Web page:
Teacher Resource

Life as a Lizard Action Cards

These cards are for the Teacher to read during the game. Print out these cards to use in the Life as a Lizard Role Playing Game


It is 3am and dark outside. The temperature is 68° F. The sky is clear.

Only the Banded gecko should be moving around, looking for crickets. At this point, they won’t find any, so instruct the pair that they will have to wait and see if crickets come out later when it is dark again. All the other students should be reading their cards to see where they take shelter at night.



It is 6am on a sunny day. The temperature is 70° F. It is no longer dark outside.

The Tree lizard and the side-blotched lizards can now come out and start warming themselves. They should be looking for appropriate places to sun themselves. The tree lizard should go in a tree and the side-blotched should be on the open ground or on the small rock. The Gila monster pair can also come out if they feel like looking for some food. You can remind them that there will be other opportunities to do so.



It is 9am, still clear, sunny skies and the temperature is 80° F.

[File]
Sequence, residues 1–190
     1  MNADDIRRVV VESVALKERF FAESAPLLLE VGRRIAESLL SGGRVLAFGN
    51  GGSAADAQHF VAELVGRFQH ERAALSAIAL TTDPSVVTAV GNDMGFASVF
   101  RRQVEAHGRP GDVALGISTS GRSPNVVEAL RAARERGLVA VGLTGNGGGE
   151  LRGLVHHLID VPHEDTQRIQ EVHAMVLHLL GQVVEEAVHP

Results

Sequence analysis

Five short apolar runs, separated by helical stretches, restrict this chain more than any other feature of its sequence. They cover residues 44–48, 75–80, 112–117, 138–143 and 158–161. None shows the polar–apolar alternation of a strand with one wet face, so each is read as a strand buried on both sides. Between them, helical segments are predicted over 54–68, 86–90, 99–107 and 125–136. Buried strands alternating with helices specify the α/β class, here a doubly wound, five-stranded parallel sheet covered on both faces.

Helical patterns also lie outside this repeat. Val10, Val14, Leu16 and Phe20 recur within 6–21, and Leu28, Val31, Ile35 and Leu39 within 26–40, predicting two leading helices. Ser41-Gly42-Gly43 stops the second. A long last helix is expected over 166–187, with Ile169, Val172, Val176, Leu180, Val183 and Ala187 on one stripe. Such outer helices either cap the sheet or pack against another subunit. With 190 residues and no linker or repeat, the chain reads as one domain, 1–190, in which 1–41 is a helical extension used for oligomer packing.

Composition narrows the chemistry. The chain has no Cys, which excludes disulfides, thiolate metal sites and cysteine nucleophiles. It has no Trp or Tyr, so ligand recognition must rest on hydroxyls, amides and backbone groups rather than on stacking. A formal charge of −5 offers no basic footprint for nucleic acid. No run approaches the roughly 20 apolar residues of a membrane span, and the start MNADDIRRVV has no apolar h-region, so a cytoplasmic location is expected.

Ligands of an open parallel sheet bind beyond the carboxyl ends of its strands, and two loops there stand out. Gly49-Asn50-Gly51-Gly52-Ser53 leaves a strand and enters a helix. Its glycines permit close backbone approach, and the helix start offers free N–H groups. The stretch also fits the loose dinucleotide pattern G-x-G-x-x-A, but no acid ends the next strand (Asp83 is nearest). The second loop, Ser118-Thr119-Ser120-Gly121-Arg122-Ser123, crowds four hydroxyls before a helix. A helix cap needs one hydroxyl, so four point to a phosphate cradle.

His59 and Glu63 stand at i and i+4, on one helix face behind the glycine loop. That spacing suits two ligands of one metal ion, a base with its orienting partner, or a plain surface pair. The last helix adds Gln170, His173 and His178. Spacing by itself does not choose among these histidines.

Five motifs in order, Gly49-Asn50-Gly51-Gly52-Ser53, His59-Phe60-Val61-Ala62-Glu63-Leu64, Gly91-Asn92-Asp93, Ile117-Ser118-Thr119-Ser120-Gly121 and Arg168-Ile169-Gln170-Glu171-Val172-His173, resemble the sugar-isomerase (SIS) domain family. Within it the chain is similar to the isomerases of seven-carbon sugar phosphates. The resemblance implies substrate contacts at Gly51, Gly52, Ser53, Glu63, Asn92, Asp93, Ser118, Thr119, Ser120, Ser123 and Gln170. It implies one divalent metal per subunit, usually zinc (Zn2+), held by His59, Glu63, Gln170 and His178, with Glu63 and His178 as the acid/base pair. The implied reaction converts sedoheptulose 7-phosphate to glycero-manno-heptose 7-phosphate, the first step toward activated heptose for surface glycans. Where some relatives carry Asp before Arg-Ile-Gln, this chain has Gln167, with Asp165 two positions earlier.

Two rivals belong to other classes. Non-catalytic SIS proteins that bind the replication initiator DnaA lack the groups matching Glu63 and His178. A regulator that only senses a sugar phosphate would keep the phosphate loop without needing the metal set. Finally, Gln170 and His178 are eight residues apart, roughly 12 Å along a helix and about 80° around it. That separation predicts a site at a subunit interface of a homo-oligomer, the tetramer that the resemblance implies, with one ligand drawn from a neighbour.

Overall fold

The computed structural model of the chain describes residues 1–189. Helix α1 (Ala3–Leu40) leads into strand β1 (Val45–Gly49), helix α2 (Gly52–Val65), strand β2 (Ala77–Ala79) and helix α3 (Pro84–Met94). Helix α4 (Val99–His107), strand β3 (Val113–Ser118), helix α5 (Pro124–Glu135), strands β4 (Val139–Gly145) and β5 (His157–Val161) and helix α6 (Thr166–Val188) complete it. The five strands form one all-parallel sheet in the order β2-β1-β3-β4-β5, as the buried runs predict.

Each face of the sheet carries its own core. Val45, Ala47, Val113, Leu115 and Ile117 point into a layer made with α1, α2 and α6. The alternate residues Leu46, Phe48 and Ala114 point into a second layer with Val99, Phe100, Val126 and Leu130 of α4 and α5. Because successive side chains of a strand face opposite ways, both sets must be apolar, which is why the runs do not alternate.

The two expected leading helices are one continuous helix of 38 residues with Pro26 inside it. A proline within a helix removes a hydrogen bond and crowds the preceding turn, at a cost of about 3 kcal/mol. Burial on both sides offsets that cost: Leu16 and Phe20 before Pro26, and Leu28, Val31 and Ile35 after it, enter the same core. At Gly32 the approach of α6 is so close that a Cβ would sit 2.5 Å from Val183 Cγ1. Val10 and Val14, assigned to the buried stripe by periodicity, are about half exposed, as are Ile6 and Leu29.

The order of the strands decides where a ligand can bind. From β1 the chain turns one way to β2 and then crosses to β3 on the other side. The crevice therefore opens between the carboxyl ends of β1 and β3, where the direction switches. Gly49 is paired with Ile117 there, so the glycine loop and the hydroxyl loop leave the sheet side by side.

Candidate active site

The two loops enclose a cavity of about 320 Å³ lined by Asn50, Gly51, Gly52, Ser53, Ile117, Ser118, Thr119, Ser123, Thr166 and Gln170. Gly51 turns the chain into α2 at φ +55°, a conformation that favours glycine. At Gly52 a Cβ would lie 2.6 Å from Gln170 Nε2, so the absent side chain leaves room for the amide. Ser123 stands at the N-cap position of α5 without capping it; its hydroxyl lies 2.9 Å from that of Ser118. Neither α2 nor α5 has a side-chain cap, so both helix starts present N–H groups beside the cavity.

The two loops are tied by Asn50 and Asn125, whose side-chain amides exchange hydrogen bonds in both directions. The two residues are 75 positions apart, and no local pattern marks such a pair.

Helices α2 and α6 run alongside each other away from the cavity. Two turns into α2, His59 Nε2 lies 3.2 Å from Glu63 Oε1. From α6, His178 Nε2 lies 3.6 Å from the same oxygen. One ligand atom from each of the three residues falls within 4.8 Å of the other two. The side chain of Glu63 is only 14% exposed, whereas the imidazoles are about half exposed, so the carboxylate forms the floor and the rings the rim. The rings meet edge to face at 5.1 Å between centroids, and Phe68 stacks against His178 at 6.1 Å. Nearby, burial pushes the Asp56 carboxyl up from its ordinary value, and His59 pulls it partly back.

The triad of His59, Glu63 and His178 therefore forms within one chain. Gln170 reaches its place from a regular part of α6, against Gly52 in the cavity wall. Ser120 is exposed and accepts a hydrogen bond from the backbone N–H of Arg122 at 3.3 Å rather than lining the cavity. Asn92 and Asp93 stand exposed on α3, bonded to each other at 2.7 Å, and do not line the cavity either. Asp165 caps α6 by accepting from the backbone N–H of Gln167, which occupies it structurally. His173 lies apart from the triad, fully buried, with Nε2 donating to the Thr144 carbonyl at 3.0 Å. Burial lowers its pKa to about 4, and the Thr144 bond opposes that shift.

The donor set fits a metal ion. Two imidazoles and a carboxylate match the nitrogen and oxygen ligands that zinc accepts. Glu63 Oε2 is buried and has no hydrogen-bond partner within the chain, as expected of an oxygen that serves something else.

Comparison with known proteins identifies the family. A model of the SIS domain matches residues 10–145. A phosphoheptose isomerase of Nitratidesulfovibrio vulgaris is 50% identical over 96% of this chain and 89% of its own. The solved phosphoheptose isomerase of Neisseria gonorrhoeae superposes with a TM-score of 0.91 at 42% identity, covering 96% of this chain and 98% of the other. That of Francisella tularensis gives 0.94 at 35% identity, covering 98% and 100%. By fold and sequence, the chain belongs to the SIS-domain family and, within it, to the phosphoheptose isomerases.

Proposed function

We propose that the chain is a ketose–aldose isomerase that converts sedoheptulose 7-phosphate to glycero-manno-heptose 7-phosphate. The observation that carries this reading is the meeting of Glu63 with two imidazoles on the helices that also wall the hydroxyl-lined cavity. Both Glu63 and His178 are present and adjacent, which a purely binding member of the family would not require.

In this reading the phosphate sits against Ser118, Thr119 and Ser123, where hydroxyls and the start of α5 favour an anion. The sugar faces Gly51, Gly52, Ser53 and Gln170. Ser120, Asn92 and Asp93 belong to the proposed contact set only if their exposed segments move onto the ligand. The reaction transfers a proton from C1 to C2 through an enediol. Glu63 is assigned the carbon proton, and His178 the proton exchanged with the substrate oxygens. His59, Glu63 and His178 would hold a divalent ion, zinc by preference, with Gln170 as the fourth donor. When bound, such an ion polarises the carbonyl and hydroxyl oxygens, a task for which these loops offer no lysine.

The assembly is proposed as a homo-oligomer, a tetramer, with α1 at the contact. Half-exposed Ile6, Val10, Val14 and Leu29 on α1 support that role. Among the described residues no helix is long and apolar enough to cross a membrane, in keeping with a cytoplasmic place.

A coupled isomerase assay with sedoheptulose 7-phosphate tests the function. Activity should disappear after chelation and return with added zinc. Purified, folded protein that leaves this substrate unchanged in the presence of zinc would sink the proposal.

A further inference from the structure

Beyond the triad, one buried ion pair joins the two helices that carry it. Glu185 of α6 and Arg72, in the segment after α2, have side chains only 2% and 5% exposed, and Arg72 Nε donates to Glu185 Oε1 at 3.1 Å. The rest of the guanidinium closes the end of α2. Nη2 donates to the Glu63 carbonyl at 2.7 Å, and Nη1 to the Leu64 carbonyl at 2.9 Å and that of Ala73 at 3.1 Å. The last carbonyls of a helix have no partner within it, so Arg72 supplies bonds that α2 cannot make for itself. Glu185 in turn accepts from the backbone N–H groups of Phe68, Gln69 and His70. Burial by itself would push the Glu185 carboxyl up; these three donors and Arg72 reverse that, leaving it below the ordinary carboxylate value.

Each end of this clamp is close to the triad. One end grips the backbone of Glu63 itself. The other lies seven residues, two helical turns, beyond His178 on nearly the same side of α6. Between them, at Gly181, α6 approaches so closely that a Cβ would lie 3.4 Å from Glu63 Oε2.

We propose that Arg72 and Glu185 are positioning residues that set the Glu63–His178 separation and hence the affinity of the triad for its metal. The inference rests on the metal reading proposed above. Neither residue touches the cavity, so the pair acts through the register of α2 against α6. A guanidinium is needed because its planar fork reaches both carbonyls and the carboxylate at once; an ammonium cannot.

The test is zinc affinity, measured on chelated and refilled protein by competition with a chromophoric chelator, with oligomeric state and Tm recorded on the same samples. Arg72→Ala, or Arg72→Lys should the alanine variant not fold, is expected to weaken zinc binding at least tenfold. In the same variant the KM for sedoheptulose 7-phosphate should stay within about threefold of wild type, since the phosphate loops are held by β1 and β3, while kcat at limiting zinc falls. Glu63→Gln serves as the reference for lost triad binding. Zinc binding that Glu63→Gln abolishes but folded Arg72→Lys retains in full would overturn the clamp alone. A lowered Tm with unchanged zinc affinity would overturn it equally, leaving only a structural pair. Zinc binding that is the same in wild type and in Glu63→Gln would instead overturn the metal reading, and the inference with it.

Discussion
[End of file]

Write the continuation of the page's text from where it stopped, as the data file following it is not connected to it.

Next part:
At this point, all of the pairs can come out to warm up on their respective microhabitats, except the Banded gecko because it is nocturnal. The students will read their cards to see what kind of microhabitat they should be looking for.



It is 9:30am and 80° F. It is still clear skies. There are ants coming onto the scene now to look for some leaf litter.

Ask the students who are prey animals to read the ant card and walk around the scene accordingly. They do not climb, but rather stay in the open areas. The lizard species should read their cards to see if their species eats ants. If they do, they can try to tag some for a meal. You can give the student pairs about 10 seconds to try to get some ants. Any ants that are tagged should go back to the sidelines. You can mention here that in reality, those ants would be taken out of the food chain for good, but in this game, they will be come back later as different insects.